• Ultrasounds
    • Spiral Computed Tomography (CT) Scan: To show in 3-D the location, size, and shape of the tumor. Often good for detecting smaller tumors.
    • CT-Guided Needle Biopsy: Only certain method for identifying tumor.
    • MRI: To detect if tumor has spread.
    • Positron Emission Tomography (PET): Determines if mass is cancerous and progression.
    • Somatostatin Receptor Scintography: uses radioactive hormone injection to locate carcinoid tumors and detect spreading.
    • Meta-Iodobenzylguanidine (MIBG): Similar to Somatostatin Receptor Scintography.

    Staging Lung Tumors

    The system used for non-small cell lung cancer is used for all carcinoid tumors. This system is called the “TNM” staging system. The “T” represents the primary tumor’s size and spread. It has four substages: T1-T4. The “N” represents the spread to the lymph nodes. It has four stages: N0-N3. The “M” represents the spread to other organs. It has two stages: M0-M1.


    Stage 0: Tumor only in layer of cells in air passage. No spread.
    Stage IA: Cancer is less than 3 cm and no spread.
    Stage IB: Cancer is greater than 3 cm or involves a main bronchus or has spread or has clogged airways, but has not spread to lymph nodes.
    Stage IIA: Cancer is less than 3 cm, has not spread to surrounding membranes, and does not affect bronchi. Has spread to lymph nodes.
    Stage IIB: Cancer is greater than 3 cm or involves bronchus or has spread to chest wall or diaphragm or has clogged airways, but has not spread to lymph nodes.
    Stage IIIA: Any size cancer, involves bronchus and middle chest or has spread to chest wall or diaphragm or is closing airways or caused lung collapse or pneumonia. Has spread to lymph nodes on same side as tumor.
    Stage IIIB: Any size cancer, involves bronchus and middle chest and lymph nodes on either side or has spread to chest wall or diaphragm or heart and is closing airways or caused lung collapse or pneumonia. May have two or more separate tumors in same lobe.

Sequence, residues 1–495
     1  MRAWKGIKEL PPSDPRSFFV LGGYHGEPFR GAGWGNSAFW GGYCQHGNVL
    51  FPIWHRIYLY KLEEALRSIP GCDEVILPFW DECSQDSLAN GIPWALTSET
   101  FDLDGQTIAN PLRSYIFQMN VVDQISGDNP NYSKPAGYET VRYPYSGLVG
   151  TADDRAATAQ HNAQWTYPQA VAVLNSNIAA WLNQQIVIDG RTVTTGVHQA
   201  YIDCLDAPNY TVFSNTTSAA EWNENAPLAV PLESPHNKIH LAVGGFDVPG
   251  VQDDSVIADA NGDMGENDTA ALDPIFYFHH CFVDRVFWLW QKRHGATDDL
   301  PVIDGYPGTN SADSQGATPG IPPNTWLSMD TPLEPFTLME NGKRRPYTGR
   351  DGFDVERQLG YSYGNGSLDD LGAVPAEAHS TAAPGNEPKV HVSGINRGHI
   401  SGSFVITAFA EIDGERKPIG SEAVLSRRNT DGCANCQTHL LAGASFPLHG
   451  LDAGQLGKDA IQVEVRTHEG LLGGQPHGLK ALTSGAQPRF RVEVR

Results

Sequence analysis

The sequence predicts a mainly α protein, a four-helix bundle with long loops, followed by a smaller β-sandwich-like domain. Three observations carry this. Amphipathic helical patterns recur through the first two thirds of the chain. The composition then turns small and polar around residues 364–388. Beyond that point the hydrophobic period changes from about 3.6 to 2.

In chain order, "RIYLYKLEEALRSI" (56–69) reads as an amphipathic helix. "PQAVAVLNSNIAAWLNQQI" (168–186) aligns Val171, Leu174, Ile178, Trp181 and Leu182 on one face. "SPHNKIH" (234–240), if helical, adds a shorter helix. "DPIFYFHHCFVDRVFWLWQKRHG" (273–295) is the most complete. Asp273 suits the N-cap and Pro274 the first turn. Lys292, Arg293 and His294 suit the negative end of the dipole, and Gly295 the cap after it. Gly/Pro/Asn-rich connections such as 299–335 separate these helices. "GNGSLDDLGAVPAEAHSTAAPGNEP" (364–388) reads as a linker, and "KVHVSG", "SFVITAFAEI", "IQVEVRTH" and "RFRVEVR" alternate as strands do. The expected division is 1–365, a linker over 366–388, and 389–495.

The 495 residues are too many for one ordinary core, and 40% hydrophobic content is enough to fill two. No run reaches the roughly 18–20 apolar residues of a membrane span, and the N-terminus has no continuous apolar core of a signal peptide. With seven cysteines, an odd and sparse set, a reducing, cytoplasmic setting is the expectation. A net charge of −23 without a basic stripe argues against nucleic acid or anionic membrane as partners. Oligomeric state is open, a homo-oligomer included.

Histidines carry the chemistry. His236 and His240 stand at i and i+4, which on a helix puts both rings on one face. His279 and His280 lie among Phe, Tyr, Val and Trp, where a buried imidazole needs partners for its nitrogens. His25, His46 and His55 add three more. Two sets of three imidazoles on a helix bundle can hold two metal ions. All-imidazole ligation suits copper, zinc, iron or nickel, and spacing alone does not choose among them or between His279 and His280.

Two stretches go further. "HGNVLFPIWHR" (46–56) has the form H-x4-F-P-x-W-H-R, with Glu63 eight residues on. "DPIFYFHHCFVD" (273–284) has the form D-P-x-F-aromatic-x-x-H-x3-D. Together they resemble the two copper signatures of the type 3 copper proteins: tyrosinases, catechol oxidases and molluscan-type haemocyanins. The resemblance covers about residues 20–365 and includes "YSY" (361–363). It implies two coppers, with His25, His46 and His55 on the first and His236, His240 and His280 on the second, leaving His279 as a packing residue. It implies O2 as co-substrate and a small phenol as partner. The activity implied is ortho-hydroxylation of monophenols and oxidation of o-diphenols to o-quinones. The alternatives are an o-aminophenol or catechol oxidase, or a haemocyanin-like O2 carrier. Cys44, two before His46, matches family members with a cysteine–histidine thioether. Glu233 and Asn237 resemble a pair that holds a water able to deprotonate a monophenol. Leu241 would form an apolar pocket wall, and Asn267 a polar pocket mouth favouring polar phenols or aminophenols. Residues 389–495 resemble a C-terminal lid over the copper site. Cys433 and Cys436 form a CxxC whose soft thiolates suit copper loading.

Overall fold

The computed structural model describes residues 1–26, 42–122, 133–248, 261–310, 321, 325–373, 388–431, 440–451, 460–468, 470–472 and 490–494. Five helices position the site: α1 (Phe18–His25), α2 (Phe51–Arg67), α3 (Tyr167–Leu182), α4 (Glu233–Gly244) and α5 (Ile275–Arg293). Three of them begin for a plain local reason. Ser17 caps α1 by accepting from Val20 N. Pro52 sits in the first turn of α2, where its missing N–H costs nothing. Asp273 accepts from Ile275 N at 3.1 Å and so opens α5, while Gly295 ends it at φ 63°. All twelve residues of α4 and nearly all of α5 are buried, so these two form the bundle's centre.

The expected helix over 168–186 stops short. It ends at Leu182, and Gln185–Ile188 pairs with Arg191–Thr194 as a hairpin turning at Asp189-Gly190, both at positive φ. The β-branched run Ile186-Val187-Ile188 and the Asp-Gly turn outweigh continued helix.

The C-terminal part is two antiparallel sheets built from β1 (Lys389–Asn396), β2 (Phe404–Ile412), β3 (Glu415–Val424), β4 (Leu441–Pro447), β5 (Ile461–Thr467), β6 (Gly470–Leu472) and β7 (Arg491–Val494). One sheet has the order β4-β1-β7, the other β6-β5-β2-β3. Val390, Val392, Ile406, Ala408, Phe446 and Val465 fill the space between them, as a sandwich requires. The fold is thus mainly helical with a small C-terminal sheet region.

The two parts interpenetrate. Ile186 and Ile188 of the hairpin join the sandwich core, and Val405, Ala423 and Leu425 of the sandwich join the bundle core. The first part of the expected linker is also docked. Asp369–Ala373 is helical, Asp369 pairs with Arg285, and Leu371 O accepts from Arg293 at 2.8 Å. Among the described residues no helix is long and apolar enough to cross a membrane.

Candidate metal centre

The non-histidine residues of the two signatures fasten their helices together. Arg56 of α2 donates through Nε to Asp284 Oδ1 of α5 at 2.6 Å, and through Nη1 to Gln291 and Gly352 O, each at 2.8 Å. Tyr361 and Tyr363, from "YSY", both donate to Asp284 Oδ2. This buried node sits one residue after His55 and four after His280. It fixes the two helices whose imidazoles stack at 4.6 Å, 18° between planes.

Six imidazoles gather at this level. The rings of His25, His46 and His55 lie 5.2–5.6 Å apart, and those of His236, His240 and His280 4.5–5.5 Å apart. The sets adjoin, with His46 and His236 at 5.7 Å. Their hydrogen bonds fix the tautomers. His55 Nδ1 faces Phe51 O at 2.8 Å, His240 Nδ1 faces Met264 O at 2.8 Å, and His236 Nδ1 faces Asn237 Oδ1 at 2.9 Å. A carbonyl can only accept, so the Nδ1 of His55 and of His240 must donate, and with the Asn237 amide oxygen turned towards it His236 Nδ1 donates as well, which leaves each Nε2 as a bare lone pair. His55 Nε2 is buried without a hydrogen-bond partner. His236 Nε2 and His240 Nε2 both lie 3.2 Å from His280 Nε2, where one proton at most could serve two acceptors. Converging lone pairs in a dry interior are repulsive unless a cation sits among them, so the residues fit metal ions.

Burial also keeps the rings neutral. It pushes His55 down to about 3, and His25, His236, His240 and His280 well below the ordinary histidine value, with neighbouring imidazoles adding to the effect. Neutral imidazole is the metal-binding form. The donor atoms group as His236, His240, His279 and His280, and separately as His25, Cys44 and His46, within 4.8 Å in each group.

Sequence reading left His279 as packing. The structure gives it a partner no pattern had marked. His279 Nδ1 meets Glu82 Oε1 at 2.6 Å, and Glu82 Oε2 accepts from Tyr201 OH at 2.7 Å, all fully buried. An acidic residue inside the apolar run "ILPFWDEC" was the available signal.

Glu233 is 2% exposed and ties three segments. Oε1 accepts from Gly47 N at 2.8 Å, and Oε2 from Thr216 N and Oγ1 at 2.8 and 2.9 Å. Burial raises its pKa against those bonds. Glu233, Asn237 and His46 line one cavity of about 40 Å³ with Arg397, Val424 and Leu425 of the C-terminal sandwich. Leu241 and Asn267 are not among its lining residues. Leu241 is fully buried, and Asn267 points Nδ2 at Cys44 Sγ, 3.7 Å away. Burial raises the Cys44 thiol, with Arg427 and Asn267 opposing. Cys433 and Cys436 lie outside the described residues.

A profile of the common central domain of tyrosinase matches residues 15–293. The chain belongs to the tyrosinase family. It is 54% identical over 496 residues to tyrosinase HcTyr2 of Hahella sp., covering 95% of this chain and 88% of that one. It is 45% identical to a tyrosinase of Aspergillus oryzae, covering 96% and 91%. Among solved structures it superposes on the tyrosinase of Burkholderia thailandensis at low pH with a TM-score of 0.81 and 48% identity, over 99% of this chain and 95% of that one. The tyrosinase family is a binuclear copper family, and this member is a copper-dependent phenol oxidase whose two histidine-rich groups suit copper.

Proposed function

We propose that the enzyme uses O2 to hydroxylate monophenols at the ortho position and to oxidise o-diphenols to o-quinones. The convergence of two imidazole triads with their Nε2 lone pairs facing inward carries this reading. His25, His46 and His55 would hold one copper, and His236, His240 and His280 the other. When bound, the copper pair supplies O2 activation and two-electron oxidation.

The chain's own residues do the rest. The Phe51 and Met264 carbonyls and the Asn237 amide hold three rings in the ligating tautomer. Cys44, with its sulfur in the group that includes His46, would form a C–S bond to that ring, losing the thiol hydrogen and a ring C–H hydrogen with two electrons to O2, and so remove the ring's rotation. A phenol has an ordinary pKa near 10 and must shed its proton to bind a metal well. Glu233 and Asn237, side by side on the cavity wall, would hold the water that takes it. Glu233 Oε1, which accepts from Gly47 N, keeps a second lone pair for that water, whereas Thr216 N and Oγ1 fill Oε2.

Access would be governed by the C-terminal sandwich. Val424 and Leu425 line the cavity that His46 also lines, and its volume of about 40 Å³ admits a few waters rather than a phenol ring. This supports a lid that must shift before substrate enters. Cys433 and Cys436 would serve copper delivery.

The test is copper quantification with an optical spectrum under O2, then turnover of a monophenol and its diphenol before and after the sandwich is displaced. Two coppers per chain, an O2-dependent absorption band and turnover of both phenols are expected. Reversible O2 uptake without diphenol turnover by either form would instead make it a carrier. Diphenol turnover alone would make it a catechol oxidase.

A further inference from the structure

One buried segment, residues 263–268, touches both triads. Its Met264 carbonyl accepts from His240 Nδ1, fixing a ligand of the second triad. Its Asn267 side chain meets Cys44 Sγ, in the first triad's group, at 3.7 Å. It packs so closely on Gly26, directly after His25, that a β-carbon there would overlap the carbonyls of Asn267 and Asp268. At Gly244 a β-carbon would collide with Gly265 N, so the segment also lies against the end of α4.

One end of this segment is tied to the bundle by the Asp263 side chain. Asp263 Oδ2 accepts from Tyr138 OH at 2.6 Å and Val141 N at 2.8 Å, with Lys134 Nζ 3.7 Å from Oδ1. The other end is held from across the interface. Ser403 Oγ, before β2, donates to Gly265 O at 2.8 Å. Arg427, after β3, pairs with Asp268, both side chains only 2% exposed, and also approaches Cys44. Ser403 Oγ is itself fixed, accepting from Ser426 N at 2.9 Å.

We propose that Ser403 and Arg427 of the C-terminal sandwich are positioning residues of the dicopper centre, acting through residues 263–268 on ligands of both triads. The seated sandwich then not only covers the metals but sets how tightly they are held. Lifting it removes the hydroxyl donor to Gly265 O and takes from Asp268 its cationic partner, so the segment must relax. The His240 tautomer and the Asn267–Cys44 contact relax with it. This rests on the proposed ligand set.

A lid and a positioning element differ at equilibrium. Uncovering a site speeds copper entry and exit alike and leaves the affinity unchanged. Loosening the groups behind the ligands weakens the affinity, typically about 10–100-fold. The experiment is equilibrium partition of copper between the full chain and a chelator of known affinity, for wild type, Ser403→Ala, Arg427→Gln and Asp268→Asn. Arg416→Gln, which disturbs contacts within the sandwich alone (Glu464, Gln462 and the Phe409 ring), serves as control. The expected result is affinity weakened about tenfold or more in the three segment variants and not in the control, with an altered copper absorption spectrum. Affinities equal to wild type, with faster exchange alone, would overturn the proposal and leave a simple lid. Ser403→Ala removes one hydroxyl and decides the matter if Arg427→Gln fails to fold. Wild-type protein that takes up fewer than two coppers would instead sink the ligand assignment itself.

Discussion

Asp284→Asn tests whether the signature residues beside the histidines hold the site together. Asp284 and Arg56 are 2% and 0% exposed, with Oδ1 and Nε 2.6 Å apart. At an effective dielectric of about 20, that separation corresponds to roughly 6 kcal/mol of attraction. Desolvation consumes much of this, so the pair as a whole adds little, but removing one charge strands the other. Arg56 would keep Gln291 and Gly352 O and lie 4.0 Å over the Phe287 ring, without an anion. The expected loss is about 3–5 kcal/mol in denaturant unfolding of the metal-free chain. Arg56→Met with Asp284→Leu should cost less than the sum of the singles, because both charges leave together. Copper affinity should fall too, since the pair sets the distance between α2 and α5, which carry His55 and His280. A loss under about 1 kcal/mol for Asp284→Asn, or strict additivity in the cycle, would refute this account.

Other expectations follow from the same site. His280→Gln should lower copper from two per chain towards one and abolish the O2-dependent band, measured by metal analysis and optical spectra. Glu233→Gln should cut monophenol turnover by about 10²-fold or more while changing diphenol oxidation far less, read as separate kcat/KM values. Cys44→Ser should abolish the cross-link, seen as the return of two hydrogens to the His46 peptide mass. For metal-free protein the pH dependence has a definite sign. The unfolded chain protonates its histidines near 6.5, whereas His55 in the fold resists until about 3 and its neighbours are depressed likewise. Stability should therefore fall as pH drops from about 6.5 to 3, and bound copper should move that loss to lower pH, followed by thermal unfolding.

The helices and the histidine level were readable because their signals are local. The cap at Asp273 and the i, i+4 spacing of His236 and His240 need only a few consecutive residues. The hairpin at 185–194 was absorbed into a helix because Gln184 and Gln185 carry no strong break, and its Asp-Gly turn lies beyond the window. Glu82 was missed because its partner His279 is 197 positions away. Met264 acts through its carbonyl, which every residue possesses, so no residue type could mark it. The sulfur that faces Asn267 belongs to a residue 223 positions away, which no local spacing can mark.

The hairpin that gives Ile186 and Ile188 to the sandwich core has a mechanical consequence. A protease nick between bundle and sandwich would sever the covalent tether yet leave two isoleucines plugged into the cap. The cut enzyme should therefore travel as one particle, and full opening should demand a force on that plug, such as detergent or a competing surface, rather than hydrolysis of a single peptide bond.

Stage IV: Spread to distant sites has occurred.


    Nearly one-third of lung tumor patients can sustain resection surgery. However, older patients may not be strong enough for surgery.


    • Lobectomy: Removal of lobe of lung. Option for otherwise healthy patients.
    • Segmental Resection / Wedge Resection: Removal of tumor and surrounding healthy tissue. Less lung function is affected. Only an option for early stage patients with tumor on edge of lung. Common for NSCLC patients, followed with chemotherapy to prevent spread to lymph nodes.
    • Pneumonectomy: Removal of entire lung. Recurrent tumors are common.


    • Radiation Therapy: Uses external x-ray beams to kill or shrink tumor or to minimize spread to other areas. Can also relieve symptoms.
    • Stereotactic Body Radio Therapy (SBRT): Multiple radiation beams focused on lung tumor. Used when surgery is not possible.
    • Conformal Radiation Therapy: New technique using 3-D technology and CT scans to focuses and adjusts radiation beams on shape and size of the tumor.
    • Brachytherapy: Radioactive seeds are put into the tumor to relieve symptoms but not cure disease.
    • Chemotherapy: Uses intravenous drugs to kill tumor cells, to slow growth, and to minimize symptoms. Used at all stages of lung tumors.
    • Immunotherapy: Uses drugs to bolster the patientsĂ­ immune system.
    • Gene Therapy: Kills or slows cancerous growth.
    • Angiogenesis Inhibitors: Prevents blood vessels from forming for tumors, shutting down blood supply to the tumor.